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Orthodox Pyrohy,
I stand corrected, thanks. If I ever hear aobut a russian byzcath church I'll send you an email.

Hesychios,
I would hope so!Both varieties are necessary and natural;linguistic and actual

Peace,
Indigo

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Well..I dont understand half the politics and ideas here that you're all talking about. Why seminaries arent accepting the right people and all that is a mystery to me. I'm sorry to here this if it's true (everyone has their own perceptions don't they).

What I strongly feel is that you ought to put more ads on television to get people to come into Eastern Churches of all types. Also put ads up near or inside Assemblies of God Pentecostal churche type buildings.

If the local car dealer can do advertising on television so can a Church. When will churches ever realize this!? Fight back with the power of the mediums of communication.

Learning of a native liturgical or cultural languages is important...Priests ought to be required to do that is my opinion. Elders and leaders in the Church ought to have a responsibility/requirement to learn languages too. I see nothing wrong with teaching most of the laity..though I dont know that I feel it's necessary for certain either..the more that learn the merrier..translations..also sounds great..better learn the language or translate.

We are in the USA....we do need in some way to be a North American church...Expecting people to know two languages is fine. Perhaps even three. Beyond that I dont think is possible. In some ways the ethnicity of the Churches when taken to the USA is a little odd to me. I just cant answer this question, except to say that in the present it is good that they are separate in the sense that it does help preserve their identity in the USA, the maronites especially for instance since so few of them are even left in Lubnaan or Syria.

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I don't know overall how the EC's are doing. There are two parishes (Ukrainian and Ruthenian) in the town where my parish is. Neither has a permanent priest, and the Ruthenian church has liturgy really early I think to accomodate the priest's schedule. He also doesn't have a Slavic surname, so I'm not sure what his church actually is. They did print in their bulletin that there's all of ten minutes for confession before liturgy, and that people can't run over because the priest has to maintain a tight schedule. I can't help but believe that is really detrimental to the life of a parish. I could be wrong though.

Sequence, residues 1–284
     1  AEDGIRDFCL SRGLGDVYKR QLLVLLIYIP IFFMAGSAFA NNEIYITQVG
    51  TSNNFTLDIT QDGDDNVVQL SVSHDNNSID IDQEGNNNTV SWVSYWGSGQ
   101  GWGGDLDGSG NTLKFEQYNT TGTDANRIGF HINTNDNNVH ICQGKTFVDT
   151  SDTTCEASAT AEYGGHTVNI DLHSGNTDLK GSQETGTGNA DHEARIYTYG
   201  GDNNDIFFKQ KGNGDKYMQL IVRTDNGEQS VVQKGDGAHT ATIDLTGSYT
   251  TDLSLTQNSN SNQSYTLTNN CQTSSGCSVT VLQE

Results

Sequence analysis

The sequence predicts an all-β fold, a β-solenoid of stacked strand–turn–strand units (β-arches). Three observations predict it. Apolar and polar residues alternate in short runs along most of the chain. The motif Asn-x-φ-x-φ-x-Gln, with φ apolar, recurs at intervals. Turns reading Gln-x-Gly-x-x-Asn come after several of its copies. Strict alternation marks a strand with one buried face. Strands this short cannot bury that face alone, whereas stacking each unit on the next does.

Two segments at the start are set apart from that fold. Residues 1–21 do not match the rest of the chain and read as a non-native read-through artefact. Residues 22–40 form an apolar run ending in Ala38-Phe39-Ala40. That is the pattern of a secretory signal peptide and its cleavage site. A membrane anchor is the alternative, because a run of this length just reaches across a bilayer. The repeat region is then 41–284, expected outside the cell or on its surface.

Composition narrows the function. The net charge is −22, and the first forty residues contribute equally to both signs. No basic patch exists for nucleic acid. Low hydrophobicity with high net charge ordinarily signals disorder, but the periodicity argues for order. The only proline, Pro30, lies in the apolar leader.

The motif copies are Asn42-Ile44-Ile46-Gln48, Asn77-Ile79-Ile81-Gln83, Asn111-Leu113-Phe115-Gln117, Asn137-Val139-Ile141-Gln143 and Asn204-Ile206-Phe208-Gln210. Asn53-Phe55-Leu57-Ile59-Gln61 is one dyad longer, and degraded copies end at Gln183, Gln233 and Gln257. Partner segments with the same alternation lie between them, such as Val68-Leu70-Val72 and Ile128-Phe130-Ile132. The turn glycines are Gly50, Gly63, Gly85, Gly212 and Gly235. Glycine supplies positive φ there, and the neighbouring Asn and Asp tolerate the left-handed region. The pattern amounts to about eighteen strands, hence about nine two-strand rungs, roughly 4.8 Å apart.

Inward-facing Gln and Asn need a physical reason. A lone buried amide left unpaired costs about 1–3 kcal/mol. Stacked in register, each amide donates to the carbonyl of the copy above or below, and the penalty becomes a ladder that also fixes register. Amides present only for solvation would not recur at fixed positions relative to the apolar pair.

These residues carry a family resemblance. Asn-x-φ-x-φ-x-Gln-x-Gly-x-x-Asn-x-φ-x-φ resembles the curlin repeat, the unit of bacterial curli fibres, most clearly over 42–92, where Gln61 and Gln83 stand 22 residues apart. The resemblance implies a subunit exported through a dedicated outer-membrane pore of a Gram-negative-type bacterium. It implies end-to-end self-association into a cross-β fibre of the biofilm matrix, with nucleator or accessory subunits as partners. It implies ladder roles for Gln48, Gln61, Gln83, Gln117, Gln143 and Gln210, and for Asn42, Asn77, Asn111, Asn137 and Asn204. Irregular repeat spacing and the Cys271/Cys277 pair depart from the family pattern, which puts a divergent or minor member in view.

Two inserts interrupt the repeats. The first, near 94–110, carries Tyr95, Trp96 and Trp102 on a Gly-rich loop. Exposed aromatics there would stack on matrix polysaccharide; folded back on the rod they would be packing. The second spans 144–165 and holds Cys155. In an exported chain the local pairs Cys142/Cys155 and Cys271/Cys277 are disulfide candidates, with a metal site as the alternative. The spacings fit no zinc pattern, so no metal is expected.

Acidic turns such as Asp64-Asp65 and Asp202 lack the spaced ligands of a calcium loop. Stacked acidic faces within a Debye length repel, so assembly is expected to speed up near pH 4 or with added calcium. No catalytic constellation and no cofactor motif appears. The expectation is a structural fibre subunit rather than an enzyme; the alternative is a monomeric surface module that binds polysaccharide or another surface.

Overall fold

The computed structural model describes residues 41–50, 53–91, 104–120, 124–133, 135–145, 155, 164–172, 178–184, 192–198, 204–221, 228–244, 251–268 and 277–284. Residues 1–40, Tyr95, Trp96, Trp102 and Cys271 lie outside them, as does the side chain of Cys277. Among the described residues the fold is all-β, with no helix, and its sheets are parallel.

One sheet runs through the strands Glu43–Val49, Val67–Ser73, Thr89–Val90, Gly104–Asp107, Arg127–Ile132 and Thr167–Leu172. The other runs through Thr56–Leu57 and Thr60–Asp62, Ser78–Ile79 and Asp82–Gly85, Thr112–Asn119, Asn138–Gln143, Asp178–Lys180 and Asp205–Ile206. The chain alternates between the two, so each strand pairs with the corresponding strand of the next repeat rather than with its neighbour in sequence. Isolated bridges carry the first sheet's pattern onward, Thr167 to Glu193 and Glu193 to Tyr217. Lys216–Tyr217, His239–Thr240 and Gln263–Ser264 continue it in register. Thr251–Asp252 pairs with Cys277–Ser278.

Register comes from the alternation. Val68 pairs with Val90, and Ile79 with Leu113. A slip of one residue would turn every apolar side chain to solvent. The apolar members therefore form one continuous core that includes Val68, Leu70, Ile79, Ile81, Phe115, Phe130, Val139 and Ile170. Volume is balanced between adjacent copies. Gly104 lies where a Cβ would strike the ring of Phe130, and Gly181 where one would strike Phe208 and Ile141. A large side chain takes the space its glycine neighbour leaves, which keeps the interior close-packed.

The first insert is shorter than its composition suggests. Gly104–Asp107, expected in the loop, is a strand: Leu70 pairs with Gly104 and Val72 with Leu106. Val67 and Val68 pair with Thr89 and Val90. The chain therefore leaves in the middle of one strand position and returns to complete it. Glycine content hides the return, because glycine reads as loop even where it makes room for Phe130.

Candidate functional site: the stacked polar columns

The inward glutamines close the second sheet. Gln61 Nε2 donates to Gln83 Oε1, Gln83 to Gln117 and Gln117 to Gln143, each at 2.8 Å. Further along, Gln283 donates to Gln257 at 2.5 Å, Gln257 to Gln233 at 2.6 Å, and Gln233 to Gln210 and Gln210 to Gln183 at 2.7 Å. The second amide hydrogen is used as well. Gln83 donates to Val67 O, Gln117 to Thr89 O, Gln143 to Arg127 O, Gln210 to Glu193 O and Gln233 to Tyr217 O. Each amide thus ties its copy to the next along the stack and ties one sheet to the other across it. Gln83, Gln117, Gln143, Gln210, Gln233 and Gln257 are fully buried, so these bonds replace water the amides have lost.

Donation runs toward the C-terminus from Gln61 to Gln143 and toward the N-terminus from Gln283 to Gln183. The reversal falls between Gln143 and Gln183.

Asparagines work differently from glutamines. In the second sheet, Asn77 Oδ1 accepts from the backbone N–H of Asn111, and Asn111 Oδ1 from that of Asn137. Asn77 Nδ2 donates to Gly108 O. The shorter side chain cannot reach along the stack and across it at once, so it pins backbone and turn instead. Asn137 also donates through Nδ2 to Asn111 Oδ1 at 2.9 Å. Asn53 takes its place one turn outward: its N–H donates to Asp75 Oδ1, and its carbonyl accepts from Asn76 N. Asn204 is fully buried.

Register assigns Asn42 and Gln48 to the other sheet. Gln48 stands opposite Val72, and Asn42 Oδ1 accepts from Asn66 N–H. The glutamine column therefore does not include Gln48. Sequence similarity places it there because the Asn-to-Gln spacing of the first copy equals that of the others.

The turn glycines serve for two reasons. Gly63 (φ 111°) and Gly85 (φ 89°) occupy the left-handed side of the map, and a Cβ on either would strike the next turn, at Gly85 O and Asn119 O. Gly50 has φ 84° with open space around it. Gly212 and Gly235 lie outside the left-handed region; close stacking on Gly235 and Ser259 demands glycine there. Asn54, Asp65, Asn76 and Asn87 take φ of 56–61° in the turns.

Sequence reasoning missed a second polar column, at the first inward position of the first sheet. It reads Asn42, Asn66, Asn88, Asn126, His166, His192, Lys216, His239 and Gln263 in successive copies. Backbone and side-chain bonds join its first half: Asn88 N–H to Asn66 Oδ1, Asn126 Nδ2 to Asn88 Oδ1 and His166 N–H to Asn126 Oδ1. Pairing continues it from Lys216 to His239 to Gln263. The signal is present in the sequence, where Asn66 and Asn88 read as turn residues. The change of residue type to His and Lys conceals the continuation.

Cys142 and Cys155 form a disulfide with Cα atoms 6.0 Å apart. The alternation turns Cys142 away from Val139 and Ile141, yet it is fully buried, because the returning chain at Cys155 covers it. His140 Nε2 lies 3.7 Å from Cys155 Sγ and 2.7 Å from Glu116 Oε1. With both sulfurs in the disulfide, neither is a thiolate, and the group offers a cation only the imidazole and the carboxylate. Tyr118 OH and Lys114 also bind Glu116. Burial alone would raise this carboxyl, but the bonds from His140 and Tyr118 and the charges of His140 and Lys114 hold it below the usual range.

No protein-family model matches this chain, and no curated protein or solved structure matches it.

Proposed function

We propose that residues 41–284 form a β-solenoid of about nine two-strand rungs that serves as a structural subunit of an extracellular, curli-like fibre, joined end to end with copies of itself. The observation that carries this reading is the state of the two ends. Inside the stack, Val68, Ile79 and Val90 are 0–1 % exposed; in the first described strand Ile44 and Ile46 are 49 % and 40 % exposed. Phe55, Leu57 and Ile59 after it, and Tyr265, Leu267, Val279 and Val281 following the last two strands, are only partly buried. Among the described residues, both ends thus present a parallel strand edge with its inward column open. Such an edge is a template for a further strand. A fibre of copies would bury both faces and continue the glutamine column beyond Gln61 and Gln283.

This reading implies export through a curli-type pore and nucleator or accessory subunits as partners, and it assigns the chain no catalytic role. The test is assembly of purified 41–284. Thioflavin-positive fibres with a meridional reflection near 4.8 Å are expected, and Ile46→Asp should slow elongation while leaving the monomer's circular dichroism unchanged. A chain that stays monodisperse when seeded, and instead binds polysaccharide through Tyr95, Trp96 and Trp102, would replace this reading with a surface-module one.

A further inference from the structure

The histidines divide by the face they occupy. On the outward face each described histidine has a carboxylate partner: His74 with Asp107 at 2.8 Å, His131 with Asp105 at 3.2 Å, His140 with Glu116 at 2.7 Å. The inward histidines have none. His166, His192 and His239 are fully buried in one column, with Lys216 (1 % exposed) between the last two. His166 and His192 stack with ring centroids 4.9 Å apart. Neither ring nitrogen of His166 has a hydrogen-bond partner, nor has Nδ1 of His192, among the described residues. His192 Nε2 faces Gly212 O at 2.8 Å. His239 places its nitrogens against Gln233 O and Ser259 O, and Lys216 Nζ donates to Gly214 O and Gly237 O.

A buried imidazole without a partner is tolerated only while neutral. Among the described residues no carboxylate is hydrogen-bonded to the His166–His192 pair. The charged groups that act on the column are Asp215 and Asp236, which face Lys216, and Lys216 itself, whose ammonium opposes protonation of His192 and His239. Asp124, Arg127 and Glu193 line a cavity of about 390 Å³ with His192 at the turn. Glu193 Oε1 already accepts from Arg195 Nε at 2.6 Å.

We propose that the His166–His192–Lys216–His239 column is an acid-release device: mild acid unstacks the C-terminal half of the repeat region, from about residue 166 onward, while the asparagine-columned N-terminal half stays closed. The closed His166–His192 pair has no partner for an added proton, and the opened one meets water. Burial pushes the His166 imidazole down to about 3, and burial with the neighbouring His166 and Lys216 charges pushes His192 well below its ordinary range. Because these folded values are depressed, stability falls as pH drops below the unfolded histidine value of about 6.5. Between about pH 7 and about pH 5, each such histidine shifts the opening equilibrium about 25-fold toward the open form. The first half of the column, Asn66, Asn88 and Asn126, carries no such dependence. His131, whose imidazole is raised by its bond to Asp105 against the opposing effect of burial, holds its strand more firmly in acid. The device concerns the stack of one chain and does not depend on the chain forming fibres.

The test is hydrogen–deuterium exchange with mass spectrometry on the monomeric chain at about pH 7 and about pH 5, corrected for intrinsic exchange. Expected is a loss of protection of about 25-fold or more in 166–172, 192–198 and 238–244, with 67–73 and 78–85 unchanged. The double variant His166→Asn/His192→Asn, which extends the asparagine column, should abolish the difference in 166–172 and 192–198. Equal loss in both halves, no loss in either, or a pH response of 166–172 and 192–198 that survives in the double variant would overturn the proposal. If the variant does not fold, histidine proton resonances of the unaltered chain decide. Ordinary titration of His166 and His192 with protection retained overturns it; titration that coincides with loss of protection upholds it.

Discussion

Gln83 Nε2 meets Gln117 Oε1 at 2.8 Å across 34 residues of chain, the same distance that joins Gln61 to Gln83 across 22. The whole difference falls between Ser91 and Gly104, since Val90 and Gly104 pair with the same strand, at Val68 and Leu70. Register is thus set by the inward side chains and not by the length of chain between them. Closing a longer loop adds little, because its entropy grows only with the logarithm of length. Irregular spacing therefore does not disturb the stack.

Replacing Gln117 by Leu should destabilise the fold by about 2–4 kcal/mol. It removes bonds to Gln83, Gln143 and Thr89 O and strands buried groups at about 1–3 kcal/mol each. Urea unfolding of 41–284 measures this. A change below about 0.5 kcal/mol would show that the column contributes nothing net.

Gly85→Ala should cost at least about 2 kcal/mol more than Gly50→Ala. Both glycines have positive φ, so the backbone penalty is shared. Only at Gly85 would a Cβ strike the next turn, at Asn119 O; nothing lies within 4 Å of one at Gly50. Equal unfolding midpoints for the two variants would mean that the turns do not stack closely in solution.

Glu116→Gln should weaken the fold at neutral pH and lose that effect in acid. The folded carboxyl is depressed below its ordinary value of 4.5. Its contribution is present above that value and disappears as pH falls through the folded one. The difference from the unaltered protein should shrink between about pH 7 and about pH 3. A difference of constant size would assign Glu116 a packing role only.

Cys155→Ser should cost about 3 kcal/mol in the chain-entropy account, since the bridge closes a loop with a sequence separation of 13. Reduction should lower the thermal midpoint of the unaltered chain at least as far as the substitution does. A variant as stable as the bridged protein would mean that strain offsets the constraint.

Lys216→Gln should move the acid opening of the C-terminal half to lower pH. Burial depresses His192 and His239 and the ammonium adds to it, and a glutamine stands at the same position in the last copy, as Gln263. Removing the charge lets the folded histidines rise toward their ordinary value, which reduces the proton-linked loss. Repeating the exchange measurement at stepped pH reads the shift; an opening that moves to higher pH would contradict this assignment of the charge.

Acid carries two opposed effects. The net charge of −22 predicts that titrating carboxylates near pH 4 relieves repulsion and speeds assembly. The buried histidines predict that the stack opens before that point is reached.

I do have one question. Why aren't the Melkites expanding at the same rate as the Antiochians?

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They did print in their bulletin that there's all of ten minutes for confession before liturgy, and that people can't run over because the priest has to maintain a tight schedule. I can't help but believe that is really detrimental to the life of a parish. I could be wrong though.
Unfortunately, I think you are right on the mark. It doesn't matter what a parish is capable of...if there is no spiritual life it will die or be pronounced dead. Unfortunately, (I have no idea which parish you are speaking of, however based on my experiences) that Ruthenian parish (can't speak for the Ukrainians) will ultimately close, and the people will be blamed for its closure regardless of what they do. Why? The best way to "kill" a parish is to remove the spiritual life. 10 minutes for confessions, and keeping on a "tight" schedule so as not to run over does nothing for fostering a spiritual community. It sounds to me like it is one more example of the Ruthenian Church killing its own.

Chris

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Originally posted by Ilian:
Why aren't the Melkites expanding at the same rate as the Antiochians?
Ilian-

Do you have statistics for the Antiochian's rate of expansion. (not trying to be confrontational; it's just that I hear they're expanding and I'd like to see that stats behind this).

Best,

Markos

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Originally posted by MarkosC: